Title

Hearts, Minds, and Hands Give Back

Several veterans of Juilliard outreach trips to New Orleans returned there in August at the time of the 10th anniversary of Hurricane Katrina. They're seen at the New Orleans Center for Creative Arts, a conservatory where Juilliard groups have taught many workshops over the years. From left: dancer Chelsea Ainsworth; actor Dylan Moore; NOCCA's director of communications and campus activity, Brian Hammell; and bassist Alli Job.

 

Author

It's August 2015, and I'm about to take off for my third trip to New Orleans, on the occasion of the 10th anniversary of Hurricane Katrina. My mind races back to past trips with students who've elected to spend their Juilliard spring break rebuilding a bruised and broken city. On every occasion there was palpable excitement for giving back to a city that beats and breathes with art.

Juilliard in NOLA T-shirts

Four years' worth of Juilliard in New Orleans T-shirts.

Body

When I arrived at Juilliard in 2005, the school was buzzing with an awareness that the world outside not only existed (which can be easy to forget at the Yard) but was also in desperate need of what artists offer. This notion was crystallized in ARTReach, a student group that had been formed after the September 11, 2001, attacks, when students had started asking each other, “What do we do? What can we do?” The answer they found: Give our hands, our hearts, our art.

On August 29, 2005, my second day at Juilliard, Hurricane Katrina made landfall in New Orleans. TVs and newspapers were covered in images of people on roofs, with boats floating next to street lights, and what looked like the end of a city that unabashedly promoted the artist. New Orleans native Caroline Fermin (BFA '07, dance) called a meeting in Room 304 and those of us who attended began to plan how to give back.

At Juilliard, I became a part of a community rooted in the beautiful connective tissue of outreach, which gave me pride in my personal narrative. Previously, I had “just” been an actress. Through service, social justice, and advocacy, however, I found my art and my womanhood, and my classmates and I went from being “just” actors, dancers, and musicians to banding together to make the world a better place.

I was thinking about this as my plane landed in August, on the 10th anniversary of Katrina. Joining me were Alli Job (Pre-College '05; BM '09, MM '11, double bass), Chelsea Ainsworth (BFA '10, dance), and Midori Sampson (BM '14, bassoon). During our three days in New Orleans, we relied on the tools we'd each learned to use at Juilliard: our hands to revitalize a school, our hearts to reconnect with people and places, and our art by performing for a group of veteran volunteers. That trinity is potent; it revitalizes and empowers. However, unless you've experienced it, how would you know the ways it deepens and strengthens your art?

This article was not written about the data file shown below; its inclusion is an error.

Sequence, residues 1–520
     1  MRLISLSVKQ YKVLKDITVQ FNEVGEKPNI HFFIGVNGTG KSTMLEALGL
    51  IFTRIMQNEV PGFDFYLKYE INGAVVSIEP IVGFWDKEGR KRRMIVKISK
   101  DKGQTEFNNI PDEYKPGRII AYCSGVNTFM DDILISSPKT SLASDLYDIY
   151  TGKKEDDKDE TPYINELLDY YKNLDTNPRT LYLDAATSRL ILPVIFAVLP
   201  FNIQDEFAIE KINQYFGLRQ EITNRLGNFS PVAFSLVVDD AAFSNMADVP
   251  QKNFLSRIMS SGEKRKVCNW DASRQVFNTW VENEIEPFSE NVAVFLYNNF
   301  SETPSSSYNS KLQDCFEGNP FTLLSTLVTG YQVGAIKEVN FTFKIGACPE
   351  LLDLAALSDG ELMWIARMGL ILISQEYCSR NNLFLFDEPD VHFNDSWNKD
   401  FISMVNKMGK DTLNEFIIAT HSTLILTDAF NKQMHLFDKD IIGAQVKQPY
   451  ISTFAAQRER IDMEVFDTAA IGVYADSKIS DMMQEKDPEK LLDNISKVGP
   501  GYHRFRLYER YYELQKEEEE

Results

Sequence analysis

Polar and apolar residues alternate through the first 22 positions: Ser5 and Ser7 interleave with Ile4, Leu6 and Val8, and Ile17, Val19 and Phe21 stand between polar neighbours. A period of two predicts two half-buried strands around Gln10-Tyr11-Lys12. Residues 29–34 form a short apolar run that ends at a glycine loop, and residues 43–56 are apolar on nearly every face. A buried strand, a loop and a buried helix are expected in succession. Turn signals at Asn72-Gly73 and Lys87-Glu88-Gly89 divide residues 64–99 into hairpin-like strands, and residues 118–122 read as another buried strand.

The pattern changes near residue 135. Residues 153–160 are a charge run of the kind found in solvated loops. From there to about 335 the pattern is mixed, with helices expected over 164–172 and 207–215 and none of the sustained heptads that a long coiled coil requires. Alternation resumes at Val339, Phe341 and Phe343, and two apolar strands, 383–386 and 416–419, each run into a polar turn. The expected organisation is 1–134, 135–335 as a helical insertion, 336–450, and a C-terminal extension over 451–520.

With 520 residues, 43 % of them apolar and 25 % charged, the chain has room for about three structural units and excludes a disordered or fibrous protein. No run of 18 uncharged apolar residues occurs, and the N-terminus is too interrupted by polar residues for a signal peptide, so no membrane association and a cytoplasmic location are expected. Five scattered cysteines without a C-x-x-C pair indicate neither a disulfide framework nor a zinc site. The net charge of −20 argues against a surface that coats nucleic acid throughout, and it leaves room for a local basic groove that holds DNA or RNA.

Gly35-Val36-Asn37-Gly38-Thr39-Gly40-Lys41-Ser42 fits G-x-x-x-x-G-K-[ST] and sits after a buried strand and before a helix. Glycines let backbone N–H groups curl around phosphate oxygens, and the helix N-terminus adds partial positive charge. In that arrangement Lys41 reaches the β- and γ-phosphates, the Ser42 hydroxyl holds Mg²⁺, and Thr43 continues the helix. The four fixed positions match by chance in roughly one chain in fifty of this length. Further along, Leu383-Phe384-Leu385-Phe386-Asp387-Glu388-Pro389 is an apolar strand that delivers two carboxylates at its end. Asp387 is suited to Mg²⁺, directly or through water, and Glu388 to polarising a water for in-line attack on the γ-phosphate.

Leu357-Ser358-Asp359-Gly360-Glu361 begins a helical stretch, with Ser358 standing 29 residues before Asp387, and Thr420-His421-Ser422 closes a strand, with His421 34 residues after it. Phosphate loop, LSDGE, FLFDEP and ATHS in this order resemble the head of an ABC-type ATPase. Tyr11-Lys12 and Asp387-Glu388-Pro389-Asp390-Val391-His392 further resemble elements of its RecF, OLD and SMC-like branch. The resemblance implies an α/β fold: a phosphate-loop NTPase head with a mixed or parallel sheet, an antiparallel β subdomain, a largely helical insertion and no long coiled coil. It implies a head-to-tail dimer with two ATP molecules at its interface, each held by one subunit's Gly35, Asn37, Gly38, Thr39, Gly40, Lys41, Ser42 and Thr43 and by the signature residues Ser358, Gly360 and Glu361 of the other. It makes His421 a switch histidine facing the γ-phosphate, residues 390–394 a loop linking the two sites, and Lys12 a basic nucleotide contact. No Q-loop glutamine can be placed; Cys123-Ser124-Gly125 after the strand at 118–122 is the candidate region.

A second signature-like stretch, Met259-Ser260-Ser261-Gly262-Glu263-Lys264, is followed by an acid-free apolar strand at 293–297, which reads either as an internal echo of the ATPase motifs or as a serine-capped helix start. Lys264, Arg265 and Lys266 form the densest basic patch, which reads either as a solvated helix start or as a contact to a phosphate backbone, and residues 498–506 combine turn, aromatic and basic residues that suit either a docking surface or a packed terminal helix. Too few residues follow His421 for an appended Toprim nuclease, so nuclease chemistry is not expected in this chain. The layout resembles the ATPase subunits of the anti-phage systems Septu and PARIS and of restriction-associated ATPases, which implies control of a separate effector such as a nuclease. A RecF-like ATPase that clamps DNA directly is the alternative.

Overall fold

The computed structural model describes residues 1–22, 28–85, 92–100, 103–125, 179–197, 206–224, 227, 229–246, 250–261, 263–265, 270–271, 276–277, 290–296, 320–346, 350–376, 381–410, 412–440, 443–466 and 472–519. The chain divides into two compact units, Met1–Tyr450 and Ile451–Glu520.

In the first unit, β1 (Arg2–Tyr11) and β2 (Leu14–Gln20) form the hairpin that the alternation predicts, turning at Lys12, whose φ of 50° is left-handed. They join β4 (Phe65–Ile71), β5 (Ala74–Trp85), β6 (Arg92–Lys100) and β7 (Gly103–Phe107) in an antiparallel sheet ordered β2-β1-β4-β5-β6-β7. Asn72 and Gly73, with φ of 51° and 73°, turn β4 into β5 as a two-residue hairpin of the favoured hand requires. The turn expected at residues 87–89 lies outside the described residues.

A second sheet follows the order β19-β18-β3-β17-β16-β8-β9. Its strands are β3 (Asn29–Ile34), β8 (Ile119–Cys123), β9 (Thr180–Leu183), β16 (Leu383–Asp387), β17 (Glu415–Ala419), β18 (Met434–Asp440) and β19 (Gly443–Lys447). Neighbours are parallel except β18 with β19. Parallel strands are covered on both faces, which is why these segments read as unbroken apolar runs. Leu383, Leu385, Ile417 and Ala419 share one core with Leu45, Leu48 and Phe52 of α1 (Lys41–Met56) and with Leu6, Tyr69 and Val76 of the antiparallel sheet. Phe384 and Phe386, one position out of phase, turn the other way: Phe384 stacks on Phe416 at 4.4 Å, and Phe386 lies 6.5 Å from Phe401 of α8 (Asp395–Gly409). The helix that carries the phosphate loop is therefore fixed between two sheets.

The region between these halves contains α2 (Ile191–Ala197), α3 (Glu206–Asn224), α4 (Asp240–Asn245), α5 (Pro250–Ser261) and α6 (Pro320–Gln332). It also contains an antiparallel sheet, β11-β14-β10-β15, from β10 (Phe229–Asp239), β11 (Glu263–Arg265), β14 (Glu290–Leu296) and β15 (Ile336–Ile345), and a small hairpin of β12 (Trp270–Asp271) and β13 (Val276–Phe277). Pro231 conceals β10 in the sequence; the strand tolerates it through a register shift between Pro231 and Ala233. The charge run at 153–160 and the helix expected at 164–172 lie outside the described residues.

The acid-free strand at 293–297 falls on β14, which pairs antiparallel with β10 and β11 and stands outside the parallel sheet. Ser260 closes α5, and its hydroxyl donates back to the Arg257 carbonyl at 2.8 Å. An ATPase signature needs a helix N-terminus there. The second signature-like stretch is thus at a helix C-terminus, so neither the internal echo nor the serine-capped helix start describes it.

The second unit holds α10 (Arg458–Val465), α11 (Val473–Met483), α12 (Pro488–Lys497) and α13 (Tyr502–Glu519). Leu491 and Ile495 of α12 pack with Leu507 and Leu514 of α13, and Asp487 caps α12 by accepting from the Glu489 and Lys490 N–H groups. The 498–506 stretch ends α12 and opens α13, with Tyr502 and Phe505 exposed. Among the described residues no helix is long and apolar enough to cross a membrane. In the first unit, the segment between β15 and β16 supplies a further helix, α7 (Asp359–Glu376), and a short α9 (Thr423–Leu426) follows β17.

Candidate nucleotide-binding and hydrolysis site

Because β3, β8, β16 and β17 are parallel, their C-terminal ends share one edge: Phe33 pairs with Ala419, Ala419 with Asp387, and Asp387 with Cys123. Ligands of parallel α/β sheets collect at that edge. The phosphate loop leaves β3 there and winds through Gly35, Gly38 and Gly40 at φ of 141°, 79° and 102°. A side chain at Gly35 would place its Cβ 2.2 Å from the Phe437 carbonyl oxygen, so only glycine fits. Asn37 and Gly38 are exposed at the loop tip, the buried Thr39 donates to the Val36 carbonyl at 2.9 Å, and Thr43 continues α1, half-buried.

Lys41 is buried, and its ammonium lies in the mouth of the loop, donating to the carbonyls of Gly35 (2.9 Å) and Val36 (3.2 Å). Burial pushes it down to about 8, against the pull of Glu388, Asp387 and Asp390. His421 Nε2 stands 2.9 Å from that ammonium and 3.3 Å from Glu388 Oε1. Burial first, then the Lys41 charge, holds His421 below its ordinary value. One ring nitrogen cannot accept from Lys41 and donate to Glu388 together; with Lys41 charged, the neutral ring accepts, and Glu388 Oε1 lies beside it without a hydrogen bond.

The culture of outreach was particularly strong during the 2000s because of a perfect storm of geopolitical events that are framed by 9/11, Hurricane Katrina, and the economic collapse that took place during my last year at Juilliard, 2008-09. In the aftermath, we witnessed the effects of two wars, inflated corporate greed, and rampant structural racism. As our world shifted, we inspired and provoked one another through the rise of social media. We demanded change, knowing there was more than “this”— that our privilege is also our responsibility. Yet, with the mounting complexities of the world and the tidal wave of information we receive every day, now we sometimes feel like we've become paralyzed. I worry that the culture of outreach is slowing down.

In President Joseph W. Polisi's powerful set of essays and speeches, The Artist as Citizen, he wrote, “there should be no dividing line between artistic excellence and social consciousness.” As artists, he wrote, we're not only allowed to—but should—strive toward developing our and. We are artists and citizens. And it is through the and that we can empower ourselves to activate our art, strengthen our communities, and be the change we want to see.

Three years ago, while searching for a way to stave off the information-overload paralysis, some of my Juilliard friends—fellow volunteers for ASTEP (short for Artists Striving to End Poverty, a nonprofit that partially grew out of ARTReach)—and I decided to create a conference that would go after that very idea of the and. The result, the weeklong Artist as Citizen Conference, will take place at Juilliard for the third time this June, and will give college- age creatives the tools to develop their and in order to make a difference in their communities. We aim to apply the same rigorous and detailed approach we use in creating art in cultivating practices to impact the world.

Fellow alums and current students: apply for the conference! We must be responsible to the world if we want the world to value our work. Join us to discover—or continue to develop—your and. Of course we need time for the beautiful purity of hours alone in a practice room, but they must be held in relation to the world outside Juilliard, one that is bruised and broken, political and corporate, and in need of the sort of far-reaching visions that artists have.

The world needs you—it needs the soothing and forceful hands, minds, and hearts of the artist. We need each other.

Applications for the Artist as Citizen Conference are due March 31; for information, go to artistascitizen.com or asteponline.org.

Popular Features

By Loren Schoenberg

Recent Issues